Amid all the drama of censorship and journalists being fired at the SABC, a video from 2015 of Hlaudi Motsoeneng boasting about his natural intellectual abilities outside court has been circulating on social media.
He was at court at the time to appeal against a high court judgment ordering the broadcaster to institute disciplinary proceedings against him, as recommended by the public protector.
About a hundred people picketed outside the court in the morning, brandishing placards such as “Hands off Hlaudi!”, “SABC now better than before”, or just “Hlaudi is simply the best”.
It was this small crowd that Motsoeneng addressed.
At times, it’s difficult to actually know what he is saying, as he apparently talks about being “an intellectual lecher” (he probably meant “lecturer”) and then nearly says that he’s not “acamedical”, before changing it to “academic”.
He added that he was “born as an intellectual”.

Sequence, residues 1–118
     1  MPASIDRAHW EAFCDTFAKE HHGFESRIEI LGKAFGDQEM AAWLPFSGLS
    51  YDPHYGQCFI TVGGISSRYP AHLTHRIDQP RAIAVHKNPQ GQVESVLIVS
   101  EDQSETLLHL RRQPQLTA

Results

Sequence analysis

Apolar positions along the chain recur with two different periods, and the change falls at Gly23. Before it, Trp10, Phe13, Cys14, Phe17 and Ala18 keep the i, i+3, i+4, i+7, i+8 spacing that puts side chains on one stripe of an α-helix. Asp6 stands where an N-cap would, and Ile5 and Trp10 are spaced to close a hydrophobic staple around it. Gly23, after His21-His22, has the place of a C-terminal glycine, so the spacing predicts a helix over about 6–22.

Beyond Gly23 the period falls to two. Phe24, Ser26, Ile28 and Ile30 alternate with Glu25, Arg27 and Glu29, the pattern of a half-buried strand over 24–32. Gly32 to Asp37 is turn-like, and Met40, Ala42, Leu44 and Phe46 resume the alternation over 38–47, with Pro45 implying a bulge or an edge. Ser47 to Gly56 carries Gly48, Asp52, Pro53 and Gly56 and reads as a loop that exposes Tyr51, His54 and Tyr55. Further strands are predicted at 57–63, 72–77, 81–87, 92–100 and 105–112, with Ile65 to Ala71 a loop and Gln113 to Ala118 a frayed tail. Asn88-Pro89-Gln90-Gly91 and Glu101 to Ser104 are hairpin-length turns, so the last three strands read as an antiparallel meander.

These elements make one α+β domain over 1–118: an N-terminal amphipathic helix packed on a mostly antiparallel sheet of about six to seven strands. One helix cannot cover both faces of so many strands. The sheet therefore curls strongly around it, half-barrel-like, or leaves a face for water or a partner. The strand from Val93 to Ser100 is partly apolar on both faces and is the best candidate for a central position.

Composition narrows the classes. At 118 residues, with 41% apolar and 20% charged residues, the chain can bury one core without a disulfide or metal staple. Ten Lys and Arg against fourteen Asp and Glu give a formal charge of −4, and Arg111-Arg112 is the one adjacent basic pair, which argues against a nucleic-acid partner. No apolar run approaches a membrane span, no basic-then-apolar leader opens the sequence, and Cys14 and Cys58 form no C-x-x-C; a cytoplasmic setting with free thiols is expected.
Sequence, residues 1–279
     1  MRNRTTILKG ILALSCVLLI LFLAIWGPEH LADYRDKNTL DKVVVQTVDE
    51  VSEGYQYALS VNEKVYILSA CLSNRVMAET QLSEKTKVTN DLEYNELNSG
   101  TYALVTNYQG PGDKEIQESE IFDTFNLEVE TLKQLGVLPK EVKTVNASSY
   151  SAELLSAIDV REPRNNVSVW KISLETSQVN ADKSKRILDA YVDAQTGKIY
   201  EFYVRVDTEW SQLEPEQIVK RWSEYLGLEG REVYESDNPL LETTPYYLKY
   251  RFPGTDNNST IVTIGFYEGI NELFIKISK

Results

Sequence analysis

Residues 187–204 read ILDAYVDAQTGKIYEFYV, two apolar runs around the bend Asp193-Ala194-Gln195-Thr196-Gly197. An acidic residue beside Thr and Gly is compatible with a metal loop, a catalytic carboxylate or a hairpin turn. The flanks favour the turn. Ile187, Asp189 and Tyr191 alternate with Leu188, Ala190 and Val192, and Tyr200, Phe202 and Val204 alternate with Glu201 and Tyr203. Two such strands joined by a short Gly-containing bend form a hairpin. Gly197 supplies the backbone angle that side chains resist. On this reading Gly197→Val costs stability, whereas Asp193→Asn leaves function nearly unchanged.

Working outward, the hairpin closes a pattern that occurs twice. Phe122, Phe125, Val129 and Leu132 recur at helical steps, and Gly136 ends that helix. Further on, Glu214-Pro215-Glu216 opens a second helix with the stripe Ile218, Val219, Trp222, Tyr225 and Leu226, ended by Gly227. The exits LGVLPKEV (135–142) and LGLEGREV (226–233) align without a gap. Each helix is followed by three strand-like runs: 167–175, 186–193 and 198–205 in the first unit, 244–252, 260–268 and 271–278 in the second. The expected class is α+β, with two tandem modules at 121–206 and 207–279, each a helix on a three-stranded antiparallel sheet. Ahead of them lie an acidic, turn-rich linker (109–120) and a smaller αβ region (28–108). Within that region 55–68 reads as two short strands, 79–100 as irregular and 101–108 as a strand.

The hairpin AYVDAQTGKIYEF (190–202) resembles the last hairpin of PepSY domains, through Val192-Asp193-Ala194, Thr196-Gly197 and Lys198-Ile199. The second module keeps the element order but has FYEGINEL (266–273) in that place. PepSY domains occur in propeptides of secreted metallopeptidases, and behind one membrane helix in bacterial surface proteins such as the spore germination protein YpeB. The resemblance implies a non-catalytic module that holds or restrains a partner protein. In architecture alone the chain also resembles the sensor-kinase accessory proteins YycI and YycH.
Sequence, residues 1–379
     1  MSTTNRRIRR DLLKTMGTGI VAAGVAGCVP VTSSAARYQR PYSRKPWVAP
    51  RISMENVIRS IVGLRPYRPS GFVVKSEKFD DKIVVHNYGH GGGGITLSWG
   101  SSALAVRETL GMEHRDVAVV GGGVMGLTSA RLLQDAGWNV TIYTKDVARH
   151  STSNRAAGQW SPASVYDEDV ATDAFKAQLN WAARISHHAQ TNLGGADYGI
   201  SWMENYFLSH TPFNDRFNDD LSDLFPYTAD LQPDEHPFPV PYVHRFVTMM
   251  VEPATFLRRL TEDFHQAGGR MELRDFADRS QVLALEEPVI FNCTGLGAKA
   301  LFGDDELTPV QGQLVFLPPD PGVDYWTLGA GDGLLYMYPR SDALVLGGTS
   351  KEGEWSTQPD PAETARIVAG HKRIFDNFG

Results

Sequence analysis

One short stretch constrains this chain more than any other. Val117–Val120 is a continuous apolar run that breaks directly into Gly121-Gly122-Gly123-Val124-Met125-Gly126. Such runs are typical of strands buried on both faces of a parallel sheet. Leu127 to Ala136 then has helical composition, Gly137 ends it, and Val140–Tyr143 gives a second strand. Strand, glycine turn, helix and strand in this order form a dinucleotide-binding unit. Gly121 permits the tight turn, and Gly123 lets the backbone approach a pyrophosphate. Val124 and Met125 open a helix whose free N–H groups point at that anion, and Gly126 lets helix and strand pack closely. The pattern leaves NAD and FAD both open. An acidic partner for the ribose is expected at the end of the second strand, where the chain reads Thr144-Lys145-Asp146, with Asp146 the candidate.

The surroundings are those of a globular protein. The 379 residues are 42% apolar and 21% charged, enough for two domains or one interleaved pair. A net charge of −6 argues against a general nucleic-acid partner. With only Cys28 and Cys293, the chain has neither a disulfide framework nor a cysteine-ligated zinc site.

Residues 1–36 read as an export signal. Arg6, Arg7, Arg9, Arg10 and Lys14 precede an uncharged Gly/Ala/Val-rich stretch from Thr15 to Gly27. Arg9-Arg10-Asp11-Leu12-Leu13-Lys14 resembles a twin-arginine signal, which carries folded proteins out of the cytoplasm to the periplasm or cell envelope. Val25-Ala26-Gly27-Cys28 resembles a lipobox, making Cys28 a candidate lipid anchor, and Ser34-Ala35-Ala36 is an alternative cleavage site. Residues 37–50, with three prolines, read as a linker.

Following this speech, the supreme court ultimately found in favour of the public protector, but Motsoeneng still doggedly remained in his job.
On Wednesday, the public broadcaster had to back down further in the face of overwhelming pressure against censorship.
Communications regulator Icasa confirmed on Wednesday that the SABC had agreed to abide by the order to withdraw the ban on broadcasting violent protests.
Icasa spokesperson Paseka Maleka said that the broadcaster would abide by the order of its council, as issued on July 11. It had earlier appeared that the SABC missed the Monday deadline to comply due to its belief that it could challenge the regulator in court.
Earlier, the SABC had already conceded to an interdict sought by the Helen Suzman Foundation (HSF) aimed at stopping the implementation of its policy not to cover violent or other protests.
Eight journalists who were dismissed this week for daring to openly challenge the SABC’s editorial policy are expected to challenge their dismissals in court.
Motsoeneng is no stranger to making odd public statements. The “matric-less” chief operating officer’s address to 2014 matriculants raised many eyebrows after he told pupils their “paper” was not as important as a “brain”.
“You have two kinds of people in this world. You have certificated people and educated people. You can have many degrees, but also in that you need brain,” Motsoeneng said in an interview with The Citizen.